Tuesday, December 31, 2013

Kandep to be transformed with major infrastructure projects


Remote Kandep, Enga, one of the most undeveloped areas in the country is set to be transformed into a major centre in the Highlands with several major infrastructure projects worth hundreds of millions of kina underway or being completed.
These projects included the K250 million Mendi-Kandep Road under Asian Development Bank funding, already completed Kandep-Kiapu Road, K18.6 million Kiapu-Pangu Road, K30 million Pangu-Laiagam Road, K35 million Wasa Bridge, and K70 million Kandep-Magarima Road.
Works Minister Francis Awesa didn’t mince his words when telling the people of Kandep recently that their area would be transformed from a forgotten backwater into a hub of the Highlands linked to LNG-rich Hela and Gulf, Porgera gold mine, and Mendi in Southern Highlands.
Awesa launches the Wasa Bridge project.-Pictures by MALUM NALU
“We’re witnessing major infrastructure developments in Enga, Southern Highlands and Hela provinces,” he told more than 10,000 people who congregated at Kandep station.
“It’s all part of the transformation of Kandep.
“We want the road from Mendi to Kandep, and on to Laiagam, to happen.
“This road (Mendi to Kandep) is almost complete.
“It’s costing something like K250 million.
“The road will come from Mendi and go on to Laiagam.
“This road will not only start from Mendi and finish here.
“People from Porgera must not only go to Wabag and Hagen, sometimes they must go through to Kandep.
“One of these days Kandep will become a major centre.”
Awesa said Kandep could be linked to Gulf in future.
“One of these days, this road will go on to Porgera and on to Kikori and Kerema,” he said.
“The Wasa Bridge will connect Kandep with Southern Highlands and Hela province.

A soldier against the backdrop of the swamp and marshland of Kandep over which the Wasa Bridge will be built.
“The government has made a major decision for infrastructure development in Enga, Southern Highlands, Hela and Gulf provinces become a reality.
“Kandep will be transformed into a major centre, maybe even a city.”

Monday, December 30, 2013

St Andrew's Lutheran Church, Ampo, turns 80

All pictures @MALUM NALU
St Andrew’s Lutheran Church at Ampo, the oldest surviving building in Lae which in October celebrated its 80th anniversary, had a momentous occasion on Sunday, Nov 17 when 81 young people were confirmed.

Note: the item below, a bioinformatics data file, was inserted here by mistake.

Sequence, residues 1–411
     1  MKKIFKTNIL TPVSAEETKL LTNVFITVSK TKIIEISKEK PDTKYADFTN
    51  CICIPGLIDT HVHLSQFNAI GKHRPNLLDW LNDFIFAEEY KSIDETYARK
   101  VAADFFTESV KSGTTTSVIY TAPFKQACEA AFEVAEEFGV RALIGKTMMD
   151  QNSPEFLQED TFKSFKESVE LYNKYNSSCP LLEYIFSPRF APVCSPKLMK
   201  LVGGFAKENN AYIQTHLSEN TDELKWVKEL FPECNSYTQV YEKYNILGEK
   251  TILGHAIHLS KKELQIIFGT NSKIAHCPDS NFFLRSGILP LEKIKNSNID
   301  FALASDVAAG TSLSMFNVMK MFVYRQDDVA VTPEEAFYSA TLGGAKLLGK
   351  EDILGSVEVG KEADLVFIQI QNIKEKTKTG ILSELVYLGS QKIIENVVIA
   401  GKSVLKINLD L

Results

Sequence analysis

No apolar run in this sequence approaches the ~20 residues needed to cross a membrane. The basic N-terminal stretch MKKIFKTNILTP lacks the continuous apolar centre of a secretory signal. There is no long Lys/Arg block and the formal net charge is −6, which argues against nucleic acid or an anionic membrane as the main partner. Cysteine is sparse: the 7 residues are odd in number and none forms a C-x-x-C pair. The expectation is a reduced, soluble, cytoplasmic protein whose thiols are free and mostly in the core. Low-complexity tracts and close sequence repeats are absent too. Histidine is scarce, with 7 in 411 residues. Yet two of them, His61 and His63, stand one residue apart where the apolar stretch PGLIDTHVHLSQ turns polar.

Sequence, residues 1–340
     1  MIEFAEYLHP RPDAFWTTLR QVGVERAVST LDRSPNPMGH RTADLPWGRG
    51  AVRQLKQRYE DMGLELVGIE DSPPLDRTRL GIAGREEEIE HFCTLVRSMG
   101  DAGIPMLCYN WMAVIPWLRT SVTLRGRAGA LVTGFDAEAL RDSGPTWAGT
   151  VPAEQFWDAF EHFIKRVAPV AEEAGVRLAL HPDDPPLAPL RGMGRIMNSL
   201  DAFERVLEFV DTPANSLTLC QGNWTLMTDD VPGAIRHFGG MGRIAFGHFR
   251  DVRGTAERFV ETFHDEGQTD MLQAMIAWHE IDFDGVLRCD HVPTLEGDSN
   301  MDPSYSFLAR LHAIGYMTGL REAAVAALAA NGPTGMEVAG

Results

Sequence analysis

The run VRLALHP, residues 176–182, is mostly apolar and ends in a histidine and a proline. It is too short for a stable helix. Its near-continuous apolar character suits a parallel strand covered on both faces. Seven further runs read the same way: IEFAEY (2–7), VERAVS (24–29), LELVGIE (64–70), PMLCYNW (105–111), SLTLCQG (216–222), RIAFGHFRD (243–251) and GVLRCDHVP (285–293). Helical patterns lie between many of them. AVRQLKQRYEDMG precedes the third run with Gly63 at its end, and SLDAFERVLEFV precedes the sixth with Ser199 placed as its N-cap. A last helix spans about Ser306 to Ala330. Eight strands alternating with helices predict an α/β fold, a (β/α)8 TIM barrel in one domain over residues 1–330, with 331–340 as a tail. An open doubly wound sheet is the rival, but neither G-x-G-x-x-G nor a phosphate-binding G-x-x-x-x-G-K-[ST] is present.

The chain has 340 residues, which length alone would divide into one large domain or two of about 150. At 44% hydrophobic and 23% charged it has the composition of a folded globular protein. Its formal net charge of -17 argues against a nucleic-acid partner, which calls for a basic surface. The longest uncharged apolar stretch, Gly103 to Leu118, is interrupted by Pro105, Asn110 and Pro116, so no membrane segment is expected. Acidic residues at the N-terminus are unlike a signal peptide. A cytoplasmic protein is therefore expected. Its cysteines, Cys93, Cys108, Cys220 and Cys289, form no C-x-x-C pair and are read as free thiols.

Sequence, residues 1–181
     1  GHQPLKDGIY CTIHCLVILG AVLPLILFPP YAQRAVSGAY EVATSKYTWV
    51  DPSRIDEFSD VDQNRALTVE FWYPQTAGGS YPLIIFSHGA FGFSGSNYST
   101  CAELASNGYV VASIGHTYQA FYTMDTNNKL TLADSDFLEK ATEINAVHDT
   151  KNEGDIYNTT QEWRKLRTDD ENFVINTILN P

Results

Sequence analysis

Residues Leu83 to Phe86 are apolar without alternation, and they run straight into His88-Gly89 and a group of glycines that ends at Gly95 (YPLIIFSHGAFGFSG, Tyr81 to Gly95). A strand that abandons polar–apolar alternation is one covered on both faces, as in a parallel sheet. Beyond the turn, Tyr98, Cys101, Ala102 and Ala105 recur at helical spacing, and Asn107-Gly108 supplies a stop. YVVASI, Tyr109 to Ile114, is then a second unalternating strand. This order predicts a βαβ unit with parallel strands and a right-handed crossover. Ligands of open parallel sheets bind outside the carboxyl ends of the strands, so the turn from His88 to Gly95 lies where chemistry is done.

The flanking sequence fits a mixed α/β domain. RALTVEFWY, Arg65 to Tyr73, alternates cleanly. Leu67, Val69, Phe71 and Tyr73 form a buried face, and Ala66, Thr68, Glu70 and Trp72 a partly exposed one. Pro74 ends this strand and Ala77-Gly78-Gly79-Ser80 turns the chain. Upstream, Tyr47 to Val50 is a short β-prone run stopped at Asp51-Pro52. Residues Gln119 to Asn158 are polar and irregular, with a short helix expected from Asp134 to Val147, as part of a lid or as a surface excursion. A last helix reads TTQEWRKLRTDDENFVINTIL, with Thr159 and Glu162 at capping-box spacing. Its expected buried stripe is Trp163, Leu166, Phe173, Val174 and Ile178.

The young men and women – mainly from the Ahi villages of Butibam, Hengali and Wagang – were confirmed in front of a full house crowd of relatives and friends, who later exchanged customary gifts of food.

The church as it is today.

The young people line up to be congratulated outside the church on Sunday, Nov 17.

My two nieces who were confirmed and me.

Traditional food exchange after the confirmation.
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The church, built in its present form in 1933, it is the only pre – war building in Lae and the timberwork still bears many bullet scars.
During the war, it served as a Japanese hospital when its custodians from Butibam village fled into the foothills on the far side of the Busu River.
A bush material chapel was built at Ampo in 1912 by pioneer German missionary, Gottfried Schmutterer, and the first baptism took place on October 20, 1912.
Timber from Bukawa was put on the ship Bavaria and brought to Lae on Feb 11, 1933.
They started building the church on March 4, 1933, with dedication being on Oct 8, 1933.

Sunday, December 29, 2013

Ampo falls from its glory

All pictures @MALUM NALU

Ampo, the headquarters of the Evangelical Lutheran Church of Papua New Guinea in Lae, is close to the hearts of all Lutherans.
This includes the many missionary families from Germany, Australia, USA and others parts of the world,.
Ampo is not what it used to be, having fallen from its glory days, as these pictures I took on Saturday, Nov 16, 2013, show.
This is the main road leading from Ampo Church.

Conference centre.

One of the old houses that still remains.

Guest house car park.

Guest house.

The old rain trees are gone.

The famous Ampo tennis courts at right are no longer there.

Administration buildings,

Ampo signboard,

A Markham Valley cruise

All pictures @MALUM NALU

On Friday, Nov 15, 2013, while at home in Lae, we took a day cruise fom the city to Binimamp village in Kaiapit to collect some food.
I love the great Markham Valley stretch of the Highlands Highway and it holds a special place in my heart, reminding me of the happy days when my late wife and I cruised regularly along here while based in Goroka.
Come with me for the ride.
Past Nadzab heading towards Erap Bridge.

The famous rain trees of Erap.

At 40-Mile market.

Past 40-Mile.

The great Saw Tooth Mountains.

Clouds over the valley.

Towards Leron Bridge.

Leron Bridge.

The famous Peanut Boys of Leron Bridge.

Past Leron Bridge.

The Leron Plains roll on.

Saturday, December 28, 2013

Binimamp - a typical Markham Valley village

Pictures @MALUM NALU

On Friday, Nov 15, 2013, I travelled home to Lae  for the confirmation of my two nieces at Ampo Lutheran Church.
That afternoon, we drove upto the village of my brother-in-law Goromp Nawatz, at Binimamp village in Kaiapit, Markham Valley, to collect food for the occassion.
Here are some pictures of the occassion.
That's me with children of Binimamp.

Binimamp village

Village woman cleaning up.

Typical village house

On the road to Binimamp

That's me.

Marafri (bananas) cooked in coconut cream in clay pots.

Goromp and me having marafri

Village house with lots of food.

Food galore.

Children gathering firewood.

Food galore,

Sunset over Binimamp.

A house along the main Highlands Highway.